• Keep records of customer consent and include an opt-out option so subscribers can leave your list if they choose to.
  • You must know what information you are storing along with where and how it was collected. Not knowing this information may result in penalties. 

If your business employs over 250 people, you’ll want to hire a data protection officer to manage your data. Although these are only a few tips to keep you compliant with GDPR, it will help you get started in the process of staying compliant with any customers you have in the EU. Keep in mind that the GDPR has gone after many major companies such as Marriott and Google, meaning no one is exempt from their rules.


When talking about penalties and fines from ignoring GDPR regulations, it’s a serious business. With over 200,000 investigations and millions of fines applied, you’ll want to make sure you know the proper steps to be taking to stay compliant.  

Other International Considerations

In addition to GDPR, anti-SPAM laws in Europe fall under one European Union directive, which in theory, would make email marketers in all EU countries subject to the same expectations. In practice, however, the 2002 EU Directive set guidelines, but each member state has had to enact its own unique laws for electronic communications.

Taking an opt-in stance on commercial email communications, the Directive stipulates that prior explicit consent is required before sending a commercial electronic message (including email, SMS, voice, fax and other electronic forms of messaging) and that an opt-out option must be clear and conspicuous.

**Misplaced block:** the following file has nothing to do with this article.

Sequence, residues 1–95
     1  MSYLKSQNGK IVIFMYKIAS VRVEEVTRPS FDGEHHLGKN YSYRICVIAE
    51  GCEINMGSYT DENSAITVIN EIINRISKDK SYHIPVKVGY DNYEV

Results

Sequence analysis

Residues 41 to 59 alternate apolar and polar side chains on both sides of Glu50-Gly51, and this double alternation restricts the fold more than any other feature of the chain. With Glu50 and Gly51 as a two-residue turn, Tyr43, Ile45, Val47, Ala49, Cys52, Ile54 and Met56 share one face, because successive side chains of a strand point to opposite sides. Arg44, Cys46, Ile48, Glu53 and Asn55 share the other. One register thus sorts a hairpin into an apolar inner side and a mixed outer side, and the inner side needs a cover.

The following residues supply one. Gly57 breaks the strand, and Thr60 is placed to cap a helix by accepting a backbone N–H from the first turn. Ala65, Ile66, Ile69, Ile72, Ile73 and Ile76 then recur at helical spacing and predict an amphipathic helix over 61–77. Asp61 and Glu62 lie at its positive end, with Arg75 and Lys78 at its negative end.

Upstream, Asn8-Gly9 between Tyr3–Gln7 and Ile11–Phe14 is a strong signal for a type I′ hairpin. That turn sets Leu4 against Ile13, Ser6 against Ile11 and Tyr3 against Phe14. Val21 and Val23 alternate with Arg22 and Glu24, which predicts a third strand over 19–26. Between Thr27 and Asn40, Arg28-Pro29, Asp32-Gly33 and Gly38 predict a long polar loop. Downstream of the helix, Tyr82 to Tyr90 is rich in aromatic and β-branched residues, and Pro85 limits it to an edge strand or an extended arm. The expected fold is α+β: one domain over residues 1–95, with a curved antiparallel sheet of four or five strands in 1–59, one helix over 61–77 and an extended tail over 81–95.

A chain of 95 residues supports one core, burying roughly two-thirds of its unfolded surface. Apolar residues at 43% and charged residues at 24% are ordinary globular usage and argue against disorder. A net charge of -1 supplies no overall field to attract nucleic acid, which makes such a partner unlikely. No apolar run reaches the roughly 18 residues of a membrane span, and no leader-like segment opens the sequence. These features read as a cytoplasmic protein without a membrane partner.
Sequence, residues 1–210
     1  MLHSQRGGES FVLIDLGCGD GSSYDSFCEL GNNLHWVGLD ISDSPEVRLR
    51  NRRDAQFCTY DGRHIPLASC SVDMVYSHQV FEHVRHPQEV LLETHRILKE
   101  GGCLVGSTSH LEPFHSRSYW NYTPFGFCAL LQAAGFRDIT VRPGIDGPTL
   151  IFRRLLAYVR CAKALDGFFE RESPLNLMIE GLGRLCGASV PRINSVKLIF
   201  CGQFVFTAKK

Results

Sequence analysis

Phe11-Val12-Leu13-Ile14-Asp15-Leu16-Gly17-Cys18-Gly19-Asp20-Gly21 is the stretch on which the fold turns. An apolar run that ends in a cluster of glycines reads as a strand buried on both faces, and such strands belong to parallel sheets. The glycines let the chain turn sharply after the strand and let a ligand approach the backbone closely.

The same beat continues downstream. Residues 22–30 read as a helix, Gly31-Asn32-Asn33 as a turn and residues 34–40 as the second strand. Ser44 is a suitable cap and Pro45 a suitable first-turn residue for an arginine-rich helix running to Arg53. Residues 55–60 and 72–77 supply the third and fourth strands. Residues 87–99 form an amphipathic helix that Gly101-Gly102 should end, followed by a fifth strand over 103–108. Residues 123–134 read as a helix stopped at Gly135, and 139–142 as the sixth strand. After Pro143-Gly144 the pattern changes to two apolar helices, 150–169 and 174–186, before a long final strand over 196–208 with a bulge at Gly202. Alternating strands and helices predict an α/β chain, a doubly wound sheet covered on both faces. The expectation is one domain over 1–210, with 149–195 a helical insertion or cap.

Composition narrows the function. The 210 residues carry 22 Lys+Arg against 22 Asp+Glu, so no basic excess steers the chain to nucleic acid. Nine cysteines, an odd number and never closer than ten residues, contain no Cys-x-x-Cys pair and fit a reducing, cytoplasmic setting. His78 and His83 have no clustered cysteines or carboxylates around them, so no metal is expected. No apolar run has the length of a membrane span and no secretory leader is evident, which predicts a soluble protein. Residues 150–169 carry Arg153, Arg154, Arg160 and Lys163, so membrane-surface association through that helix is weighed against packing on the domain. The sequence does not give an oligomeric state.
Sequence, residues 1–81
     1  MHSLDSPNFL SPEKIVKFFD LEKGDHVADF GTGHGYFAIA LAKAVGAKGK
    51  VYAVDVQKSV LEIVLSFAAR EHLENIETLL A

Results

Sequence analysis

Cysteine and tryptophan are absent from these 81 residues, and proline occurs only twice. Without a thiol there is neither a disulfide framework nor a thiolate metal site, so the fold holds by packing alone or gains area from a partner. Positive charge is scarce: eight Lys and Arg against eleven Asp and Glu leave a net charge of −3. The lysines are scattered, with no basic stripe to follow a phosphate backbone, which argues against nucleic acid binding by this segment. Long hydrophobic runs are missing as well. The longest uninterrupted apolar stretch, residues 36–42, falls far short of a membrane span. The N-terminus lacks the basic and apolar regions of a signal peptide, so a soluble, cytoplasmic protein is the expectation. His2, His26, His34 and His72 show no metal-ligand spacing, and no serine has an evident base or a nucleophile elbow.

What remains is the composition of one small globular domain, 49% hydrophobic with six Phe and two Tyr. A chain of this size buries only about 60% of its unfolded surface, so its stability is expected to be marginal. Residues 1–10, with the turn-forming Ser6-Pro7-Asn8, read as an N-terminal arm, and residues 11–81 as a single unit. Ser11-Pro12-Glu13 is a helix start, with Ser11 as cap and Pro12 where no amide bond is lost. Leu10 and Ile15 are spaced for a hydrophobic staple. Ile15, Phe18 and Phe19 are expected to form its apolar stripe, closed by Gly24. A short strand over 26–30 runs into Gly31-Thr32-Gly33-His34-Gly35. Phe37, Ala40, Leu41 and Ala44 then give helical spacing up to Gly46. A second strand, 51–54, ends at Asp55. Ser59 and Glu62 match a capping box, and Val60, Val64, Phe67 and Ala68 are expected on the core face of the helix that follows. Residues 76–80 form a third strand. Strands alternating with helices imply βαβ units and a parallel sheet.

While not an all-inclusive list, here are some other key notable items for sending commercial email campaigns to global recipients:

  • Opt-in is required for remarketing (shopping cart abandonment) messages sent to the EU. Again, the Directive is implemented by each member state independently, so you’ll want to check individual country laws for details.
  • The “Send-To-A-Friend” function is not legal in Germany.
  • In Russia, there are federal laws pertaining to advertising and to personal data, both to protect Internet users from SPAM. Both clearly indicate that sending bulk mail is only allowed with the recipient’s consent, adhering to the opt-in principle.
  • Private rights of action are available in a number of jurisdictions, including the UK, South Korea, Singapore, Mexico, Germany, and France. Starting in 2017, in Canada CASL will permit any private party to bring an action not only for compensation for losses suffered and expenses incurred but also for statutory penalties of up to $1 million per day.
  • When sending to recipients in China, either the word “AD” for English language emails or the Chinese word for “advertisement” is required in the subject line.
  • Australia’s 2003 Spam Act not only applies to email, but also to SMS and MMS messages of a commercial nature. There are three basic steps to follow to ensure compliance  with the act – Consent, Identification, and Unsubscribe.

Don’t Risk it, Stay Complaint

Compliance with email marketing laws ensures that your emails are welcome and legal, but also provides a host of other benefits, including higher open and other engagement rates. If you make unsubscribing easy, the recipients that remain are those who really enjoy reading your emails and engaging with your brand and who have a positive sentiment towards your brand, which ultimately leads to more sales and referrals.

If your company sends emails to your customers, you’ve most likely heard of the CAN-SPAM Act. It’s something that is ingrained into every email marketer’s strategy, and it’s not something you want to mess around with.